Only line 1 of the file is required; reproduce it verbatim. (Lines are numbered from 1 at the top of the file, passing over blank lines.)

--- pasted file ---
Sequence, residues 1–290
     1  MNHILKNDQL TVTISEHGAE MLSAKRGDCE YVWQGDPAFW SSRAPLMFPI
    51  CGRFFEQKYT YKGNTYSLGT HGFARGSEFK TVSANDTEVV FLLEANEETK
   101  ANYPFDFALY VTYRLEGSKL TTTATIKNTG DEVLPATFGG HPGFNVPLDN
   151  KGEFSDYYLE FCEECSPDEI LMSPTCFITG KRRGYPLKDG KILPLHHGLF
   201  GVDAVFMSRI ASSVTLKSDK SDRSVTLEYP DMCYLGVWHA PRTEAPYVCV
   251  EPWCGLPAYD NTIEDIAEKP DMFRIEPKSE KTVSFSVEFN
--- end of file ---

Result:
Sequence, residues 1–290